Kuehnle Algae Replaces Oil
Using very little land, Kuehnle AgroSystems can analyze and optimize algae into a valuable biofuel.
Hawaii spends $5 billion a year on imported oil, but biofuels that can replace oil usually require a lot of agricultural land.
Using its library of algae strains, Kuehnle AgroSystems says it can select, analyze and optimize algae for specific growing environments. Using relatively little land, KAS’s algae can become a valuable biofuel.
How it works
With funding from the government-financed Hawaii Renewable Energy Development Venture, KAS developed a small Photo Bioreactor that stimulates the algae to reproduce exponentially. KAS is now working to produce larger units that can pipe carbon dioxide and wastewater from an industrial facility into tanks to accelerate algae growth.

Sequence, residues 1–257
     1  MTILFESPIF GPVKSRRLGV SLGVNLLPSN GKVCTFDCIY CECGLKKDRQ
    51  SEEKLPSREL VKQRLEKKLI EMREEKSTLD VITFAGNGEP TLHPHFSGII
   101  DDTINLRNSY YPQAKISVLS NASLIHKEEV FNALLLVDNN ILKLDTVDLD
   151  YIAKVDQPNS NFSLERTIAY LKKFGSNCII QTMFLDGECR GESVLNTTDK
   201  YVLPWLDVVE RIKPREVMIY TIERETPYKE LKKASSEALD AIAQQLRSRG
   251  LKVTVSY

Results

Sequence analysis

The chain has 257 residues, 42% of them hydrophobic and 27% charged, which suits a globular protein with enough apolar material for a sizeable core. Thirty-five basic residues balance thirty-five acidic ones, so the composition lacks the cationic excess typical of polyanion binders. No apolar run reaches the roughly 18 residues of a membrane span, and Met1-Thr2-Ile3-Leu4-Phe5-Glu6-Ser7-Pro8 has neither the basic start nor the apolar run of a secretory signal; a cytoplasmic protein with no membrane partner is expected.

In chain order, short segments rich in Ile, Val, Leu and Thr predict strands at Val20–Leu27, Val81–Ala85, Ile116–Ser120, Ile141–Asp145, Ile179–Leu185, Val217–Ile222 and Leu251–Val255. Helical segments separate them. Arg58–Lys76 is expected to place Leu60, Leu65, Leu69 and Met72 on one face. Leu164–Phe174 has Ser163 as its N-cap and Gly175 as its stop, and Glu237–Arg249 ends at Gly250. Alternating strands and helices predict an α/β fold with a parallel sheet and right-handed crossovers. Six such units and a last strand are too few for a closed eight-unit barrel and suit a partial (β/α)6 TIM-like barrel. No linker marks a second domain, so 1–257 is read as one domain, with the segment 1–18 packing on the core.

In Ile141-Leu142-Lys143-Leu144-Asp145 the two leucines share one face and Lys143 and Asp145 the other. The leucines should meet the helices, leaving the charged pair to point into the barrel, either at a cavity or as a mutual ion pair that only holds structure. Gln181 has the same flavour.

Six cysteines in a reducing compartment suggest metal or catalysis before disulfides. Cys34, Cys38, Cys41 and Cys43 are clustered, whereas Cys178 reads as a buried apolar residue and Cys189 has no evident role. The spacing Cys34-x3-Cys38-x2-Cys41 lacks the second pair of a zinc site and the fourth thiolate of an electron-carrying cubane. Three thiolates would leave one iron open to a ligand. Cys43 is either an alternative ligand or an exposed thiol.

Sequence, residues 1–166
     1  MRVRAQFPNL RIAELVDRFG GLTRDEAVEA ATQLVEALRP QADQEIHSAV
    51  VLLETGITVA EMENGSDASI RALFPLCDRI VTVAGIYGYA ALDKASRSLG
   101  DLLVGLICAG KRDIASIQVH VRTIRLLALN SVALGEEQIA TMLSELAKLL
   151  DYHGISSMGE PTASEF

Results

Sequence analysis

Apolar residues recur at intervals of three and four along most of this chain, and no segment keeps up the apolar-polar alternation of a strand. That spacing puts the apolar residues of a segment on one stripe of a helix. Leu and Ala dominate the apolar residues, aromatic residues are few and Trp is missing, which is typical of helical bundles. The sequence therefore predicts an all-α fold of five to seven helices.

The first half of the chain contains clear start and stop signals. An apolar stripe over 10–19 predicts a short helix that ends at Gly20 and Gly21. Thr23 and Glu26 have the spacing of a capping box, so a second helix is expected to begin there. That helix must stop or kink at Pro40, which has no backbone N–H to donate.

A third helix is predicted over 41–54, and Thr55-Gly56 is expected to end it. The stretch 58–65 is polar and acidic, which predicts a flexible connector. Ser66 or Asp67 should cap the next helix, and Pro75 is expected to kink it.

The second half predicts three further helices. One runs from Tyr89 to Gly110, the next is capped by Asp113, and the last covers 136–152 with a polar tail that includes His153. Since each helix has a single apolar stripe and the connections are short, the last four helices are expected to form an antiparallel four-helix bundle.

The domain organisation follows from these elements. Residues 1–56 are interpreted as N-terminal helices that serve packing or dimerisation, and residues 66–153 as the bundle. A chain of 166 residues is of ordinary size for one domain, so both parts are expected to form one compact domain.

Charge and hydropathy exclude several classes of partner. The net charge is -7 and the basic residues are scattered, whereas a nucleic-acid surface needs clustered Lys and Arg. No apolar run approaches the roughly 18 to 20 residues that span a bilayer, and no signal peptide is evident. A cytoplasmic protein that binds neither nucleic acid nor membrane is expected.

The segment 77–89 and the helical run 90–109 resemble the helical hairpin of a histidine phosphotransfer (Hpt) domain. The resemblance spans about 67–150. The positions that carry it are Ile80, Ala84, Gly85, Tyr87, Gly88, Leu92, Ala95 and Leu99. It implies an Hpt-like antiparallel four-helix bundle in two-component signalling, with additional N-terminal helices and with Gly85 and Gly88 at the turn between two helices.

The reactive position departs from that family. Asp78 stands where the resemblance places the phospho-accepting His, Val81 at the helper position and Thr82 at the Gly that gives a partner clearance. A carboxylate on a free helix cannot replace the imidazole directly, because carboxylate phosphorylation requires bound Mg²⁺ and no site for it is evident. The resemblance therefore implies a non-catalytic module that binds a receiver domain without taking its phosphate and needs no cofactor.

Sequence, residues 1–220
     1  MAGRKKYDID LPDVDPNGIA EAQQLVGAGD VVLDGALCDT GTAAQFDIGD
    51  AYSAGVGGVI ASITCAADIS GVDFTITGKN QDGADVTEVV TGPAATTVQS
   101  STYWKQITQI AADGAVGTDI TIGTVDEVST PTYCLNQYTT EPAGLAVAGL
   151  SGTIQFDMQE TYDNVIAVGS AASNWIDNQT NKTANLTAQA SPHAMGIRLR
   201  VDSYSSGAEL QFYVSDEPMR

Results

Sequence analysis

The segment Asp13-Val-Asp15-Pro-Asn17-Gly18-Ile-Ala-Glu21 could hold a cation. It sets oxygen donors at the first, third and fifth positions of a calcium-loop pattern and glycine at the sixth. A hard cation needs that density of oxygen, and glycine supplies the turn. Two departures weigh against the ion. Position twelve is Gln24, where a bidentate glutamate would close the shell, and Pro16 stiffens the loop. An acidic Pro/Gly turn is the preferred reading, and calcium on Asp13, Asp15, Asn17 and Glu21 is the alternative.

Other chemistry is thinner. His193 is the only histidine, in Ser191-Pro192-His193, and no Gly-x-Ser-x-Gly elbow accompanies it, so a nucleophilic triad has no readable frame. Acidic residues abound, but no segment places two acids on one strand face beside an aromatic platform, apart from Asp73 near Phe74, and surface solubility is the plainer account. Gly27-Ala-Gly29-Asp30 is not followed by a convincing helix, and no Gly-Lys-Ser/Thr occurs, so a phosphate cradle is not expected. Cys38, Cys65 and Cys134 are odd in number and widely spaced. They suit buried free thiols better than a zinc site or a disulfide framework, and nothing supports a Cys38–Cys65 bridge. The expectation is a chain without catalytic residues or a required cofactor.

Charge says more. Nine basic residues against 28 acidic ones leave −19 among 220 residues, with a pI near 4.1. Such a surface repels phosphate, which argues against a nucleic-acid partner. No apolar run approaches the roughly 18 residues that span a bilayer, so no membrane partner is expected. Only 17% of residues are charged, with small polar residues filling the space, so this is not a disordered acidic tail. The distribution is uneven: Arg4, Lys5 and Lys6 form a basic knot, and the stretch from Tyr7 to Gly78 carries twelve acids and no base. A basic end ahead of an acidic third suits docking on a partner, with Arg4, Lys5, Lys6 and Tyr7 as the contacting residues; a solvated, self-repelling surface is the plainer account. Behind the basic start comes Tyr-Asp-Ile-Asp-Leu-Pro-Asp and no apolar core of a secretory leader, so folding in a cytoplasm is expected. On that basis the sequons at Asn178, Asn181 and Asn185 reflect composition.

KAS has created about 5,000 liters of algae, and aims to have 50,000 liters in 12 months. “We are basically a research and development company that now is transitioning to a product-focused company,” says Mark Ritchie, director of business development.
While algae biomass is cleaner for the environment, it costs more to produce than the price of oil. “The cost needs to be down enough so that it will be competitive enough with petroleum,”
CEO Heidi Kuehnle says.
1. Algae grows in a photobioreactor, where tubes are exposed to light.
2. Algae is harvested and concentrated.
3. Most water is removed to make the concentrated algae product.
4. The concentrate is shipped to algae growers and aquaculture facilities.
Photos Courtesy: Kuehnle Agrosystems
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